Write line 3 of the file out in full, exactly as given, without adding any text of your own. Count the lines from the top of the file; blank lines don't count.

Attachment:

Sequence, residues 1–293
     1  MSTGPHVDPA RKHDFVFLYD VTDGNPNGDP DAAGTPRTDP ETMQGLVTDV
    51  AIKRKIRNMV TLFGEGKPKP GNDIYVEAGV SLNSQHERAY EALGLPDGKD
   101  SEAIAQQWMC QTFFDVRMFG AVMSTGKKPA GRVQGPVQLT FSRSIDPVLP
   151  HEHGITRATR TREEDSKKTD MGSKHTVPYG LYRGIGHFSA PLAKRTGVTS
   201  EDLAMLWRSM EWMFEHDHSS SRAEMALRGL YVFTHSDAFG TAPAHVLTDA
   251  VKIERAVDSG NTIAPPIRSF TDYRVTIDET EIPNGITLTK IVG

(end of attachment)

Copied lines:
    51  AIKRKIRNMV TLFGEGKPKP GNDIYVEAGV SLNSQHERAY EALGLPDGKD